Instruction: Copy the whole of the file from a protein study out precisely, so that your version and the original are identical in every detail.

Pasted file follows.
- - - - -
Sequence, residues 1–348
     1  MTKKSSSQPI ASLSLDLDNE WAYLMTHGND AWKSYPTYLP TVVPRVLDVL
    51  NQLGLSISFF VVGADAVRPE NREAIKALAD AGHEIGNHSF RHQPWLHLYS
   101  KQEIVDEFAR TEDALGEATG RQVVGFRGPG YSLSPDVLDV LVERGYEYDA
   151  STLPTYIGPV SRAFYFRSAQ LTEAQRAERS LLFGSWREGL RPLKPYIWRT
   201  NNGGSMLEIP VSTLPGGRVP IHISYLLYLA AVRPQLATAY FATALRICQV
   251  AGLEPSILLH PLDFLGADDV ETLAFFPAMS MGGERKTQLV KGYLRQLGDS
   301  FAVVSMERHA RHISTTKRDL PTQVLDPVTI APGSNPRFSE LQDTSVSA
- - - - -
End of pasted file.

Sequence, residues 1–348
     1  MTKKSSSQPI ASLSLDLDNE WAYLMTHGND AWKSYPTYLP TVVPRVLDVL
    51  NQLGLSISFF VVGADAVRPE NREAIKALAD AGHEIGNHSF RHQPWLHLYS
   101  KQEIVDEFAR TEDALGEATG RQVVGFRGPG YSLSPDVLDV LVERGYEYDA
   151  STLPTYIGPV SRAFYFRSAQ LTEAQRAERS LLFGSWREGL RPLKPYIWRT
   201  NNGGSMLEIP VSTLPGGRVP IHISYLLYLA AVRPQLATAY FATALRICQV
   251  AGLEPSILLH PLDFLGADDV ETLAFFPAMS MGGERKTQLV KGYLRQLGDS
   301  FAVVSMERHA RHISTTKRDL PTQVLDPVTI APGSNPRFSE LQDTSVSA